USA — On Thursday, the USDA Forest Service will conduct a one-day prescribed burn over approximately 42 acres of national forest land in the Bent Creek area of Buncombe County.
The prescribed fire is part of a multi-year research study led by scientists at Bent Creek Experimental Forest, part of the Forest Service Southern Research Station. Planned and supervised by the National Forests in North Carolina, the fire will occur when weather conditions permit; wind and humidity are key factors in fire behavior, safety and smoke mitigation.
The safety of firefighters and the lives and property of the public is the No. 1 priority. The public is asked to heed signs posted at trailheads and roads and to stay away from burn sites and off closed roads and trails.
Nearby residents with respiratory health issues may need to stay indoors with windows closed if there is significant smoke. The Forest Service will do everything possible to reduce smoke from the prescribed burn.
Scientists at Bent Creek will compare the effects of the growing season (June-September) prescribed burn to a dormant season (January-early March) burn to discover how timing affects hardwood regeneration, herbaceous plants, fuels such as woody debris and shrubs and breeding bird communities.
The study site consists of nine units, about 12 acres each, all together encompassing about 120 acres. Three units will be burned this summer, and three other units will be burned in winter. The remaining units will be left unburned to serve as a control or reference for assessing how fire affects hardwood ecosystems.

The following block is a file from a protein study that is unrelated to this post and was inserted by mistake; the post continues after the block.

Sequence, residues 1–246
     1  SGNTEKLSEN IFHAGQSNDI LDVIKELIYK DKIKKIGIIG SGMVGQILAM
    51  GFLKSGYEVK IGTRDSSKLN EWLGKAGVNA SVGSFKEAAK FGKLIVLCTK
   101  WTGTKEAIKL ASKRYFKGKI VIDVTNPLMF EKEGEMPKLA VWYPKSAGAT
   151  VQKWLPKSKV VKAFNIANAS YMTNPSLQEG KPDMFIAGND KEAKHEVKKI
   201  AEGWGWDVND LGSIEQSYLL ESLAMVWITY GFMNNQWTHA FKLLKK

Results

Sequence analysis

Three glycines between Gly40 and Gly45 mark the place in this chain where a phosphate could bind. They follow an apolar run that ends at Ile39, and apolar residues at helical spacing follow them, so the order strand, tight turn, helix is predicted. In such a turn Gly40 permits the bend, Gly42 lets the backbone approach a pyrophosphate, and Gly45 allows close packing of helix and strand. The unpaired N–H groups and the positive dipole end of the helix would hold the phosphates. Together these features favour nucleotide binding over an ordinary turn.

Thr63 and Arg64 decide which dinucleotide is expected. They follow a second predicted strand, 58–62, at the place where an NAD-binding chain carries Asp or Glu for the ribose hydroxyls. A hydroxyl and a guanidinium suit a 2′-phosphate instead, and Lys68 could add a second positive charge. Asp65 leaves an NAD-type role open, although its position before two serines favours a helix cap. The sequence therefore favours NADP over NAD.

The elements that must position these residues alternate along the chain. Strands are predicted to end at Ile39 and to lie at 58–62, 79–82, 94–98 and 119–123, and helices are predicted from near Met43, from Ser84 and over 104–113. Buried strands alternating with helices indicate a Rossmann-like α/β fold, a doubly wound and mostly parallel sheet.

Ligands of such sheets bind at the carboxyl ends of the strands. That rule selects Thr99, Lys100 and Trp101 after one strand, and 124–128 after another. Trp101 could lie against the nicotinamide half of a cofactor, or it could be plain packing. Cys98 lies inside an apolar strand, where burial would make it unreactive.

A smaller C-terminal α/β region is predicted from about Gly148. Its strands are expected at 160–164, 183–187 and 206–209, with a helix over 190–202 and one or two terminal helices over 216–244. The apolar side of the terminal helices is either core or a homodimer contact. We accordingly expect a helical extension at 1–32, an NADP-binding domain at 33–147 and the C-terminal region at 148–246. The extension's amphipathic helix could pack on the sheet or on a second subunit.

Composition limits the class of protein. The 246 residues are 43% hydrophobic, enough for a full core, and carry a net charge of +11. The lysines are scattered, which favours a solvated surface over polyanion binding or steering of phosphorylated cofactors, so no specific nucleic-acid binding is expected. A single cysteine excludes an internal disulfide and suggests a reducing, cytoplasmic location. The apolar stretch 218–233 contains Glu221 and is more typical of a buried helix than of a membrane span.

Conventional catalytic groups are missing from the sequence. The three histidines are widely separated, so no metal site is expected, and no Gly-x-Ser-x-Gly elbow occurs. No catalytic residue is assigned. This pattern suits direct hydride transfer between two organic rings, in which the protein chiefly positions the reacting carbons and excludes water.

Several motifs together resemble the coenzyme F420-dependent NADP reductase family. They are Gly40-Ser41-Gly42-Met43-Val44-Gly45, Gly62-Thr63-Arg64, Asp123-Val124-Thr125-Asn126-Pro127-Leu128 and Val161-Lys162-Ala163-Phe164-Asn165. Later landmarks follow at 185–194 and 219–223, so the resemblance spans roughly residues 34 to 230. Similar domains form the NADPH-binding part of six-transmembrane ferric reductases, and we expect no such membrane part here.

The Bent Creek study includes repeated prescribed burning at approximately three to five-year intervals, depending on weather, accumulated forest debris, and the availability of personnel.
Oaks once dominated Southern forests, providing food for wildlife and high quality timber. However, in the Southern Appalachians, as mature oaks die, they are not replaced by younger oak trees. Prescribed fire is often used to regenerate oaks, but there are few long-term studies measuring its effectiveness in upland hardwood ecosystems, and even fewer studies examine the effects of prescribed fires conducted in the growing season.
Bent Creek Experimental Forest’s innovative, rigorous and scientific study promises to inform and guide hardwood ecosystem restoration efforts in the Southern Appalachians.
Historically, fire was used by Native Americans and settlers to maintain an open understory, but in the 1930s, forest fires began to be viewed as destructive, and were suppressed whenever possible. Fire suppression increases wildfire risk as woody debris and shrubs accumulate.
The Forest Service is required to meet state air quality requirements and will conduct smoke modeling to reduce the possible effects of smoke emissions. Adequate personnel and equipment will be on site, and the fire should be completed in a single day.
Visit www.fs.fed.us/fire/management/ for more information on prescribed fire. For more information about research at Bent Creek Experimental Forest on prescribed fire and upland hardwood ecosystem restoration, contact Julia Murphy at 828-667-5261 ext. 104 email@example.com.
Headquartered in Asheville, the Southern Research Station is comprised of more than 120 scientists and several hundred support staff who conduct natural resource research in 20 locations across 13 southern states (Virginia to Texas).